Q. Were you familiar with the original Pusher?
Richard Coyle: No, I didn’t watch it. I wasn’t told not to, I just chose not to. I had a chat with Luis, the director, and I realised he was trying to do something different. So, I didn’t think it would help me that much. I wanted to create my own Frank. I’m sure there are certain bases that need to be touched, but I’m sort of trusting Luis to fill me in on them and point me in the right direction.
Q. What did you do to find the character?
Richard Coyle: It was just in the script, really. And some of it I was making up as I went along, trying to take it scene by scene and day by day.
Q. So, what music have you been listening to for Pusher?
Richard Coyle: Normally, what I do before a job starts is that I go through the script and I choose songs that I think will help. It’s a moveable feast, and it always changes, but I get a general idea. For this film, there’s a band called Health from LA. I’ve been listening to a lot of that kind of thing. It’s like a wall of noise, an angry, violent wall of noise, and it helps me get worked up. Or I’ll find other things. For example, in the last film I did, which was a monster movie called Grabbers, for the first few scenes – which were quite desolate, because I was playing a bit of a lost soul – I was using Bon Iver. But I’ve been using Health for this one; quite violent beats. Apart from music, I do a lot of running on the spot, like a maniac. I get some very funny looks on the street! All that kind of thing. Running up and down the stairs, anything to get my blood pumping. It’s a good way to go into the scene.
Q. Do you have any empathy for Frank?
Richard Coyle: I do. But I never like to judge the character. I just have to leave my feelings of pity, or fear, about a character – whatever I feel towards the character, I try to leave to one side. It’s good to have them, but it doesn’t help me. I can’t act those things. I just to play the character as truthfully as I can. But … [Pauses] How do I feel about Frank? I feel like he’s very tragic and I feel very sorry for him. A lot of what he does is reprehensible, but I understand it. I don’t want to just create a psycho who’s just losing the plot. I’m trying to portray him as a man who’s stuck in a real, real rut, who’s just lashing out. Because, as you do, he’s lashing out at the people closest to him, I think. He’s got so much rage and such desperation to get out of the situation he’s in. I don’t know about the original film – because, as I said, I haven’t seen it – but as for my Frank, I feel like he’s a man that’s elsewhere. He’s somewhere else. He’s not always there. In his eyes, he’s not present. He was a dreamer once upon a time, but he’s got stuck in something he didn’t want to get stuck in, and he’s at an age where he’s started thinking: “I’ve got to stop this, otherwise this will be my life.”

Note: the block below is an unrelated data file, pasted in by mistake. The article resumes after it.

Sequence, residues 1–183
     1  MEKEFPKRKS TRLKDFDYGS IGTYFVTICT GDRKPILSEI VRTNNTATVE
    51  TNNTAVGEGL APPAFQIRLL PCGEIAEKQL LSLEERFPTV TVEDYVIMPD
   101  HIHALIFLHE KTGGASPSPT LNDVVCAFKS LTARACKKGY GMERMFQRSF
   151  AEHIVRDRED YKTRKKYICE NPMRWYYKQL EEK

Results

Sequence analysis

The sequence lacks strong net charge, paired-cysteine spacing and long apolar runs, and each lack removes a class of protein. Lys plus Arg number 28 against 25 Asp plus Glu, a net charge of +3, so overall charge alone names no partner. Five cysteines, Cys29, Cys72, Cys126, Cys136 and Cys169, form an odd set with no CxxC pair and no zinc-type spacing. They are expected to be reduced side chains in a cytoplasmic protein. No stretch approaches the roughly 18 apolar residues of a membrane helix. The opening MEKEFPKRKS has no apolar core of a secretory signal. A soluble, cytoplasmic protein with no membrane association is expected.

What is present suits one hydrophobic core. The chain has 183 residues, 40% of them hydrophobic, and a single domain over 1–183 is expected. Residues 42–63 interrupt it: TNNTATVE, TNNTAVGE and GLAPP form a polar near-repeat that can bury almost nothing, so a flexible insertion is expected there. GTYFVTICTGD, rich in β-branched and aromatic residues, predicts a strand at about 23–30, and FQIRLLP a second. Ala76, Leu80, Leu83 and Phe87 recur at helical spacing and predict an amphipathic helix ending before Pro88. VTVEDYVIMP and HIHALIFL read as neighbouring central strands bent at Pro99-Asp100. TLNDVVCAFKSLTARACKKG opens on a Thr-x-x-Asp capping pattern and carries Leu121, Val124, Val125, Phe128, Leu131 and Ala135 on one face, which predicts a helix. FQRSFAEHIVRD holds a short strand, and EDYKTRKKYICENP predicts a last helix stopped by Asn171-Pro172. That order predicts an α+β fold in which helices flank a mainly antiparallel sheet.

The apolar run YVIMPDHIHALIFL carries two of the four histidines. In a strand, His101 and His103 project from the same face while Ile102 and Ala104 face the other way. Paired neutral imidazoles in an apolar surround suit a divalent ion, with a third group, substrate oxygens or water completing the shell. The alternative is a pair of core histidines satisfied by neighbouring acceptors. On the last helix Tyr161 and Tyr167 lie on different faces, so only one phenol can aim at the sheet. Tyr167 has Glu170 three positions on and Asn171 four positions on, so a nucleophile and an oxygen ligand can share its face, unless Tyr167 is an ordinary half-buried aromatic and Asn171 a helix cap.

Q. Is it easy to switch off from being him?
Richard Coyle: No. I get home and I feel kind of wired and full of this helpless, frustrated rage! [Laughs] I want to beat things up, so I just go home and hit pillows with golf clubs for about an hour, and then I’m wrecked.
Q. The original Pusher was the start of a trilogy. Do you see this story continuing?
Richard Coyle: I’m sure it could, I guess. There’s quite an ambiguous ending for Frank. It’s not quite crystal clear what’s going to happen to him, although it’s pretty obvious.
Q. You’ve also made a lot of comedies. Is it important for you, as an actor, to mix things up?
Richard Coyle: Yes, very much. I’ve never wanted to get stuck doing one thing, which is why I left Coupling when I did, because I just didn’t want to be a TV sitcom actor. It was a great experience, it launched me, and I’m very, very grateful for it, but I never just wanted to be that. There was so much I wanted to achieve and do. And there’s so much I might still do.
Q. So which do you prefer: comedy or drama?
Richard Coyle: Well, comedy is generally easier. It’s not easier to do, it’s much harder, but it doesn’t churn you up in the same way that something like Pusher does. [Laughs] You don’t get churned up about knob gags!
Pusher is out on on Blu-ray, DVD and to download on February 11, 2013, from Momentum Pictures.